…Conventional wisdom says that Adobe needs this acquisition to bulk-up for the inevitable conflict to come with Microsoft. Conventional wisdom is occasionally wrong, however. I’m not saying that the acquisition makes no sense. Quite the contrary, I support it. But the lack of competition from Microsoft in Adobe’s traditional graphics markets comes down primarily to Bill Gates realizing that Microsoft simply hasn’t been in a position to compete with Adobe on a technology-for-technology basis. Gates tried to undercut Adobe’s PostScript with Microsoft’s TrueType fonts back in the late 1980s and was taken to the woodshed by Adobe. The professional graphics market wasn’t willing to give Microsoft the three tries it generally needs to get something right.
What’s changed is not the companies (brain-for-brain Adobe is still smarter in its niche), but the market. Microsoft’s endless quest for new revenue lines has settled on PDF as a target for its new Metro product, not just for graphics professionals, but for all of us.
The other thing that has changed is the mobile market, especially mobile phones — the PCs of tomorrow. Macromedia is making progress in the phone market and Adobe, for the most part, isn’t, hence the acquisition.
So it is a good deal all around, especially if Adobe can learn from Macromedia how to have fun.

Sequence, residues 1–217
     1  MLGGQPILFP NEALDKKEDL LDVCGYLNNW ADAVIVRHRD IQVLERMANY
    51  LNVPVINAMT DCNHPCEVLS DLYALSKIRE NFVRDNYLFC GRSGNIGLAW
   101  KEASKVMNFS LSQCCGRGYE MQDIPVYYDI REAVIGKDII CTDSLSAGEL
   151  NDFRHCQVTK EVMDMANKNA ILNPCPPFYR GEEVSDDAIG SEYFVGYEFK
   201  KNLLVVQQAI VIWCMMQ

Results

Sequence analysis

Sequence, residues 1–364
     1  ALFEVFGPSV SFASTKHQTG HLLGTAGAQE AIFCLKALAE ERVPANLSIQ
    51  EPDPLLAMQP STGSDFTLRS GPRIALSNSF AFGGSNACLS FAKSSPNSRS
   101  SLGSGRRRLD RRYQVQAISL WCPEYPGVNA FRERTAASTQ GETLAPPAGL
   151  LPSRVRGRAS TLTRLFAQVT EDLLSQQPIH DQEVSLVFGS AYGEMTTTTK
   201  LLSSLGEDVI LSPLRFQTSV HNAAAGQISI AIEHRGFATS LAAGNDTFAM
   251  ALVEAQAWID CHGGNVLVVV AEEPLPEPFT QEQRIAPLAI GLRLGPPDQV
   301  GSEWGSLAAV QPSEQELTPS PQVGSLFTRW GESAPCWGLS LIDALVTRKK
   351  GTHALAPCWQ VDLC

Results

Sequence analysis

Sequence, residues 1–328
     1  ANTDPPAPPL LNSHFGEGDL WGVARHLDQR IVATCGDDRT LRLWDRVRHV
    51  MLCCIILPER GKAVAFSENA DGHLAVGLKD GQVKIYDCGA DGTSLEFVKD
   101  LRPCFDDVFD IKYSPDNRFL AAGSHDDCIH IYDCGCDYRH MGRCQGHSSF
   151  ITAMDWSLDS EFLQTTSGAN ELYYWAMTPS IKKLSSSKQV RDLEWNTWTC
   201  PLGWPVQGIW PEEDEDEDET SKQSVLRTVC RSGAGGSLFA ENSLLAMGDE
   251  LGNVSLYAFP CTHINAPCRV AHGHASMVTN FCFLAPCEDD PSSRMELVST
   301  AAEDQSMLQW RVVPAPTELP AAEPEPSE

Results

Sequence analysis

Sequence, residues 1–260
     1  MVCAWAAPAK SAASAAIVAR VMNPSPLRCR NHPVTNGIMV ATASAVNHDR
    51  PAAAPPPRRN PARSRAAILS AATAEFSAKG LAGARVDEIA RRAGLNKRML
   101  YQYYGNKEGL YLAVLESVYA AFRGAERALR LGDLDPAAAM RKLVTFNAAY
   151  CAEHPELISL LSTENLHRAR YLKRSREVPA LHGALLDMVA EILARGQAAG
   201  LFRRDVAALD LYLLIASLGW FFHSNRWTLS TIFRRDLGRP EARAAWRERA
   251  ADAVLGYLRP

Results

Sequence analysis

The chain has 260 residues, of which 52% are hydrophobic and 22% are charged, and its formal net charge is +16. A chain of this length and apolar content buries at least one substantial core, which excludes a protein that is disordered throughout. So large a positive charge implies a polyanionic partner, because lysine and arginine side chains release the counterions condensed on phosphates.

But let’s get back to Flash for a moment, because I really do believe it is the key to this deal. What’s key about Flash is not just that it is installed on nearly every computer in the world, and that its influence is extending now into mobile phones. What’s key is that we all upgrade to the latest version of Flash as a matter of course, making it the ideal Trojan horse program of all time.
Let’s say Adobe/Macromedia had some little bit of code – a VoIP client, for example — they wanted to bring to market. Just make it part of the next version of Flash. Over the course of a few months and practically without effort, that little program would be installed and ready to go in hundreds of millions of computers. Then all Adobe would have to do is to announce it and the service could be up and running practically overnight. That’s the kind of market clout that not even Microsoft has. And that’s what makes Macromedia a bargain for Adobe even at $3.4 billion.